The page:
Neuroscience research articles are provided.
What is neuroscience? Neuroscience is the scientific study of nervous systems. Neuroscience can involve research from many branches of science including those involving neurology, brain science, neurobiology, psychology, computer science, artificial intelligence, statistics, prosthetics, neuroimaging, engineering, medicine, physics, mathematics, pharmacology, electrophysiology, biology, robotics and technology.
– These articles focus mainly on neurology research. – What is neurology? – Definition of neurology: a science involved in the study of the nervous systems, especially of the diseases and disorders affecting them. – Neurology research can include information involving brain research, neurological disorders, medicine, brain cancer, peripheral nervous systems, central nervous systems, nerve damage, brain tumors, seizures, neurosurgery, electrophysiology, BMI, brain injuries, paralysis and spinal cord treatments.
What is Psychology? Definition of Psychology: Psychology is the study of behavior in an individual, or group. Psychology news articles are listed below.
Artificial Intelligence articles involve programming, neural engineering, artificial neural networks, artificial life, a-life, floyds, boids, emergence, machine learning, neuralbots, neuralrobotics, computational neuroscience and more involving A.I. research.
Robotics articles will cover robotics research press releases. Robotics news from universities, labs, researchers, engineers, students, high schools, conventions, competitions and more are posted and welcome.
Genetics articles related to neuroscience research will be listed here.
Neurotechnology research articles deal with robotics, AI, deep learning, machine learning, Brain Computer Interfaces, neuroprosthetics, neural implants and more. Read the latest neurotech news articles below.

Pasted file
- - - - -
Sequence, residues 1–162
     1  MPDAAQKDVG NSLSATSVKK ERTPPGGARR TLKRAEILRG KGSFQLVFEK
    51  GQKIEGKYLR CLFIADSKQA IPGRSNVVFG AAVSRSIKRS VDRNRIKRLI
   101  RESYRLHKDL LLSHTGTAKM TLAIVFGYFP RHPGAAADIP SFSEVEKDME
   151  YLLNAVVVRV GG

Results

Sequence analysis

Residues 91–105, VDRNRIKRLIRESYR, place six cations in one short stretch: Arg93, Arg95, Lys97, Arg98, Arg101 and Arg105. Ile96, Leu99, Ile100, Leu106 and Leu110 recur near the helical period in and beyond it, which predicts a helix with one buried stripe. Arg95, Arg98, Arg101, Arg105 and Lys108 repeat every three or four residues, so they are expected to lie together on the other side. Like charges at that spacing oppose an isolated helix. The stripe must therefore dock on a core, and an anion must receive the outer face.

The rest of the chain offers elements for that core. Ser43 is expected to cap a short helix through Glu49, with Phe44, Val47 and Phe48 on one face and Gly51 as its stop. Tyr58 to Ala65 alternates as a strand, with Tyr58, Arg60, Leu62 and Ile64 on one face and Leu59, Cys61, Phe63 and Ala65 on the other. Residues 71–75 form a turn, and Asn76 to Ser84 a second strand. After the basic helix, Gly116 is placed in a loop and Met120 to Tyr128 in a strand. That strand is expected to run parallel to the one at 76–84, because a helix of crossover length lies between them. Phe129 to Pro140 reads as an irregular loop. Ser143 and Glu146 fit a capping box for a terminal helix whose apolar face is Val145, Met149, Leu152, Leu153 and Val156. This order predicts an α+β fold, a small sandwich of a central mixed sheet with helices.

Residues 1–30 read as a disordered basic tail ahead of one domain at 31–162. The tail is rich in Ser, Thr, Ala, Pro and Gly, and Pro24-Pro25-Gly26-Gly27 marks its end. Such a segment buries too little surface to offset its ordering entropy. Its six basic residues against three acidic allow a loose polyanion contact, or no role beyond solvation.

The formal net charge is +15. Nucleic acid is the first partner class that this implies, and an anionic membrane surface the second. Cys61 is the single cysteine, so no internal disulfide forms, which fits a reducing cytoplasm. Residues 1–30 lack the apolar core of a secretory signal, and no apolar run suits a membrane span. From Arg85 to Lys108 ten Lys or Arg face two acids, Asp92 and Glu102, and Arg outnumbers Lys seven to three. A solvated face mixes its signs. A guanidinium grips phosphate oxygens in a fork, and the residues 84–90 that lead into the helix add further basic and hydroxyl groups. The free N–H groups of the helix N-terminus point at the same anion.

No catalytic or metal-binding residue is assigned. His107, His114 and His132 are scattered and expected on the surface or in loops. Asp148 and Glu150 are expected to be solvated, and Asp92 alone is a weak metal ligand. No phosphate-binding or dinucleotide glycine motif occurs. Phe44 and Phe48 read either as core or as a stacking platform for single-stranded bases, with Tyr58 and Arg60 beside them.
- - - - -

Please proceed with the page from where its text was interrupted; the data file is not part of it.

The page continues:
Summary: Researchers report altering synaptic plasticity leads to a computational switch in a hippocampal synapse which turns the presynaptic neuron turns into “detonator” mode, causing it to fire more readily.
Source: IST Austria.
Altering synaptic plasticity leads to a computational switch in a hippocampal synapse: the presynaptic neuron turns into “detonator” mode, causing its postsynaptic partner to fire more readily. This new insight into information processing in the brain by Nicholas Vyleta, previously a postdoc at IST Austria and now at Oregon Health & Science University, Carolina Borges-Merjane, postdoc at IST Austria, and Peter Jonas, Professor at IST Austria, was published in the open-access journal eLife on October 25.
Synapses form connections between neurons. Their network is intricate: a single postsynaptic neuron can be connected with thousands of presynaptic neurons. At the synapse, information is transferred from the presynaptic to the postsynaptic neuron. A key factor in information processing is the strength of the synapse. The neuromuscular junction, the connection between neuron and muscle, and the calyx of Held, a synapse in the auditory brainstem, are strong synapses. Also called full detonators, when one of these presynaptic neurons sends out a single activating signal or action potential, the postsynaptic neuron fires.
Whether such detonators also exist in the cortex of the brain has been unclear. In the present study, the authors investigate the synapse between granule cells and CA3 pyramidal cells in the hippocampus, using a recently developed method to simultaneously stimulate the individual presynaptic terminal and record from the connected postsynaptic CA3 neuron. Under normal conditions, a single action potential from the granule cell does not induce firing in the CA3 neuron. Instead, the granule cells are ‘conditional detonators’: burst firing of action potentials from a granule cell is required to get the CA3 neuron to fire as well.
But when the researchers altered the synaptic plasticity of the granule cell by stimulating a single presynaptic terminal to fire at high frequency for only one second, causing post-tetanic potentiation (PTP), the picture changes. The granule cell turns into a full detonator: a single action potential causes the CA3 neuron to fire. Peter Jonas explains the significance of their study: “It is generally thought that individual synapses in the brain are weak, and that tens or hundreds of inputs have to be integrated to activate a neuron. The present paper challenges this view, showing that full detonator synapses exist in the brain. This has important implications for higher order computations in the circuit.”